Three votes taken on September 2 by the Los Angeles City Council have advanced plans for affordable and supportive housing projects in South Los Angeles, Boyle Heights, San Pedro, Koreatown, and Wilmington.

Marcella Gardens

In a unanimous vote, the City Council approved the release of up to $15.9 million in multifamily housing revenue bonds for the construction of Marcella Gardens, a proposed permanent supportive housing project at 6714 S. Main Street.

The project, which is being developed by the Coalition for Responsible Community Development, calls for the construction of a four-story building containing 59 apartments for transition-age youth, homeless persons, and veterans.

Marcella Gardens has already been allocated a $12-million loan through Proposition HHH.

The Coalition is planning a similar supportive housing project on an adjacent site at 67th Street, and is currently in the end stages of construction on a third project one block south at 69th and Main Streets.

Measure HHH Challenge Projects

In a separate vote, the Council approved more than $43 million in funding for projects from developers selected as part of the Proposition HHH Innovative Housing Challenge.  Funding commitments are being made to five projects containing a total of 389 dwellings - a per-unit cost of roughly $467,000.

The first project - a partnership between Abode Communities, Mercy Housing of California, and LA Family Housing - would rise at 3554 Whittier Boulevard in Boyle Heights.  The proposed $27-million development calls for the construction of a four-story edifice featuring 63 supportive housing units as well as on-site services.

The apartment building, which would be composed of prefabricated modular units, is slated to receive more than $6 million from Measure HHH.  Its total anticipated cost per-unit is approximately $424,000.

Construction is expected to begin in January 2022 and be completed by April 2023, according to a staff report.

In San Pedro, Abode Communities is planning a second development using prefabricated modular units at 311-345 N. Beacon Street.

The proposed development, slated to replace a pair of commercial buildings, calls for the construction of a four-story edifice featuring 90 studio apartments catering to homeless individuals, a 10-car garage, and on-site supportive services.

The approximately $39-million project is slated to receive $8.75 million via Measure HH, and carries a per-unit price tag of approximately $433,000.

According to a staff report, construction is of the Beacon Street development is scheduled to begin in January 2022 and conclude in April 2023.

Bridge Housing Corp. is expected to receive $19.7 million in HHH funds for a proposed development at 701-719 S. New Hampshire Avenue in Koreatown.

The project, which would replace two structures dating to the early 20th century, is imagined as an approximately 120,000-square-foot building containing 144 studio, one-, and two-bedroom apartments - including 144 affordable housing units for individuals, families, and transition-aged youth facing homelessness.

The approximately $83-million project - by far the most expensive among the recent slate of HHH Challenge developments - would cost more than $584,000 per residential units.

Construction is expected to begin in June 2021 and conclude in December 2022, according to a staff report.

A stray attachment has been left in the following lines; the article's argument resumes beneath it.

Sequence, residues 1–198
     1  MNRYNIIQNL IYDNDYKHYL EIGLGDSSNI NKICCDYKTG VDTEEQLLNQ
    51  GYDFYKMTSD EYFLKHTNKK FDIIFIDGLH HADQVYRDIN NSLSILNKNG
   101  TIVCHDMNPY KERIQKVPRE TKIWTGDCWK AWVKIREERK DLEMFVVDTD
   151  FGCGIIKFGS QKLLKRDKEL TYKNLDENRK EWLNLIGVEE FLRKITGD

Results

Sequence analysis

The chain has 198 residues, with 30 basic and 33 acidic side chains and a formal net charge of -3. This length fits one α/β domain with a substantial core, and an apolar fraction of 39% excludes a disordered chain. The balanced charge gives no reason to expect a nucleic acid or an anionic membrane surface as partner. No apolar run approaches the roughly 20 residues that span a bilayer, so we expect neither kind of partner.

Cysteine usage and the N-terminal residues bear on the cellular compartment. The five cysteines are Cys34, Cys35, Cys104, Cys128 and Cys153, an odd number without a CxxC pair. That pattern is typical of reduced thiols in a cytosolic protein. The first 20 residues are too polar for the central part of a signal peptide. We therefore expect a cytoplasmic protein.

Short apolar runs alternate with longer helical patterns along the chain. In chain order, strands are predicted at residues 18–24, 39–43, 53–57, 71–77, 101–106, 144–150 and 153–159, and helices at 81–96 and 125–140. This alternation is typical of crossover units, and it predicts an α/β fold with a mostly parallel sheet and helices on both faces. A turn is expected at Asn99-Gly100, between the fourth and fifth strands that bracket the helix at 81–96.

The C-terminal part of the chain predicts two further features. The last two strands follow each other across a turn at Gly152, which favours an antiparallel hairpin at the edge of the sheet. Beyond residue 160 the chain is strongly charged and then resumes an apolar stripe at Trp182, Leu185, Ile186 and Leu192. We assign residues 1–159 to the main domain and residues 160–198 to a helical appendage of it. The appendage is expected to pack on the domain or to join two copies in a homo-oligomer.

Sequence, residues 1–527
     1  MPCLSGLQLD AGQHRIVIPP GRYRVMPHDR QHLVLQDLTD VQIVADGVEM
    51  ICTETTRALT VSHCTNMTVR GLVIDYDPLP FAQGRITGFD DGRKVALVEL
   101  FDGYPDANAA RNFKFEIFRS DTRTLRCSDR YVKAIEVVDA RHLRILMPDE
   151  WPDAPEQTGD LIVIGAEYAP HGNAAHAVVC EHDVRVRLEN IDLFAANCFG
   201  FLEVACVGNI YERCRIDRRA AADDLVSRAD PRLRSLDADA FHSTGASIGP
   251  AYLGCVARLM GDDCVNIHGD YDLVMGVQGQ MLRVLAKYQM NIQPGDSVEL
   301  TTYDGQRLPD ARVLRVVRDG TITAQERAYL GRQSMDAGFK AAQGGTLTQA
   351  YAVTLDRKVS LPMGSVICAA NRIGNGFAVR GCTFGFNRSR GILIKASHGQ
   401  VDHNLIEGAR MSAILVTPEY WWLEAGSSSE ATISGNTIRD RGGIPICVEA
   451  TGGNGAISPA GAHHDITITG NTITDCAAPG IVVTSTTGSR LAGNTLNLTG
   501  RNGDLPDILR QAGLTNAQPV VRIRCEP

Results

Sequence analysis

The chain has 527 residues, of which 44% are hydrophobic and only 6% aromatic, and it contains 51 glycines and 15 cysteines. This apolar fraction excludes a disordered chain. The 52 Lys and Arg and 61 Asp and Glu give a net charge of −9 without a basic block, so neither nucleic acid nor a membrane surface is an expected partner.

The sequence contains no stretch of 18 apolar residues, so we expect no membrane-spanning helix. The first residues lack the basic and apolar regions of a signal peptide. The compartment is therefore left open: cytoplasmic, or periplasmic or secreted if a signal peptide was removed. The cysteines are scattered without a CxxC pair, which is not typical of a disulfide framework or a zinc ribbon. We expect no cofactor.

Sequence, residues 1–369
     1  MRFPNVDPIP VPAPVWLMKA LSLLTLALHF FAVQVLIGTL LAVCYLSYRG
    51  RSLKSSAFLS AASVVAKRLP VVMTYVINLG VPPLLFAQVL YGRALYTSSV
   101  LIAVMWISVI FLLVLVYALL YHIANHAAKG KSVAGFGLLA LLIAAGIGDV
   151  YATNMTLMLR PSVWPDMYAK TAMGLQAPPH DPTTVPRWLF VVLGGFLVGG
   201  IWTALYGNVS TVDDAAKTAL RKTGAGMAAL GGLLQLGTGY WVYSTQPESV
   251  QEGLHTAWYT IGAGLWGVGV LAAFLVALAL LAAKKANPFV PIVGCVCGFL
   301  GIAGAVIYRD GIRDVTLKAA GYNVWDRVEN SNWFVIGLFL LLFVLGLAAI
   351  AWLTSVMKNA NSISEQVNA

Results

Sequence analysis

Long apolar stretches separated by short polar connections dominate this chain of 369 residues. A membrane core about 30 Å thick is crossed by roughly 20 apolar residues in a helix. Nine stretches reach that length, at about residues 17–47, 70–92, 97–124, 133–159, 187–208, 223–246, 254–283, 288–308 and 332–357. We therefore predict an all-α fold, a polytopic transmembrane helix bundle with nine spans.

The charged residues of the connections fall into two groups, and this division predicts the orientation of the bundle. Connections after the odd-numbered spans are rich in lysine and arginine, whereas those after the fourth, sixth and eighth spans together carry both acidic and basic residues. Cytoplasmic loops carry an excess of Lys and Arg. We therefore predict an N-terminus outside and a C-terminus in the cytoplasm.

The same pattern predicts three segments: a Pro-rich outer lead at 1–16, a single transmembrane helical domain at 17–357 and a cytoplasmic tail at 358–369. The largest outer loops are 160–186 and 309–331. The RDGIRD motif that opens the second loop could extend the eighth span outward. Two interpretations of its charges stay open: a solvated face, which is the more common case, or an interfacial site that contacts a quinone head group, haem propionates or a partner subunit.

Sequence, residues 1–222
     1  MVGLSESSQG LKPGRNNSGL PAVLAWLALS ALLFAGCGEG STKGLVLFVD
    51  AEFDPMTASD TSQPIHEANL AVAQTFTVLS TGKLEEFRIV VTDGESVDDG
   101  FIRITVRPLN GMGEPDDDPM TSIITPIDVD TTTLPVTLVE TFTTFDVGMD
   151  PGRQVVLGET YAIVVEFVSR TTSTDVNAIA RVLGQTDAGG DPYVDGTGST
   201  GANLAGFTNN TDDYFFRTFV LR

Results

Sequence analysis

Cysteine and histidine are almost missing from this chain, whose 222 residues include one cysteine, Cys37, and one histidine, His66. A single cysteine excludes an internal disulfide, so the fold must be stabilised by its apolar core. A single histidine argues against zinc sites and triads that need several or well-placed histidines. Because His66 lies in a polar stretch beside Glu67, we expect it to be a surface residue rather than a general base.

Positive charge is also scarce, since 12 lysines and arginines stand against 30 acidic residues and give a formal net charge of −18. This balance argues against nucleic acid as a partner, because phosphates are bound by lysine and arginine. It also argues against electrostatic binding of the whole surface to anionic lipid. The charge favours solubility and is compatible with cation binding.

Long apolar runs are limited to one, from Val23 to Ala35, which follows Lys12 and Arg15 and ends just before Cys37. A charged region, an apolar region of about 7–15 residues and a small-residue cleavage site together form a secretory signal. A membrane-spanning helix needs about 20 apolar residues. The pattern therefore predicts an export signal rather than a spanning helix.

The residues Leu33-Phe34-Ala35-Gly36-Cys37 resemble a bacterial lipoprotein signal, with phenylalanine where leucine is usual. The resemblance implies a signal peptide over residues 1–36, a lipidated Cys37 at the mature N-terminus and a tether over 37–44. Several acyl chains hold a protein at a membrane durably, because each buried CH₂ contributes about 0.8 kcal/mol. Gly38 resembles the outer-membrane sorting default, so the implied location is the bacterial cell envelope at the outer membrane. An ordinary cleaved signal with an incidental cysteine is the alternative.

FlyAway Homes - in partnership with CBRE, Gensler, The People Concern, and West Builders - is slated to receive HHH funding for two modular supportive housing projects.

The first, slated to replace a parking lot and small commercial building at 7715 S. San Pedro Street, would consist of a multi-story structure containing 41 one- and two-bedroom apartments in addition to resident amenities and services.

The $15-million project - which includes $4.1 million in HHH funds - would cost roughly $360,000 per residential units.

Construction is expected to begin in the second quarter of 2021 and conclude by the fourth quarter of the same year.

The second FlyAway Homes development would rise from a property at 828 W. Anaheim Street in Wilmington.  The proposed modular apartment complex would include 49 two-bedroom dwellings, in addition to offices for services and open space amenities for residents.

FlyAway Homes anticipates a $17.2-million price tag for the project, with $4.9 million of the cost footed by Measure HHH funds.  The per-unit cost for the development is approximately $345,000.

As with the South Los Angeles project, construction is scheduled to begin in the second quarter of 2021 and conclude by the fourth quarter of the same year.

Go For Broke Apartments

The City Council also voted to initiate a new long-term ground lease for the Go For Broke Apartments - a proposed mixed-use affordable housing complex in Little Tokyo.

Go For Broke, one of the organizations behind the project, has long targeted the triangular parking lot Temple and Alameda Street as the future site of its national education center.  After plans languished for more than a decade, a partnership struck with fellow Japanese-American non-profit Little Tokyo Service Center in 2018 offered a path forward.

Working together, the two organizations have proposed the construction of a five-story edifice containing the long-sought education center on its ground floor and 77 apartments for low-income and formerly homeless households above.  Plans also call for 77 parking stalls in an at-grade and subterranean parking structure.

The project would retain the existing Go For Broke Monument, which was dedicated in 1999.

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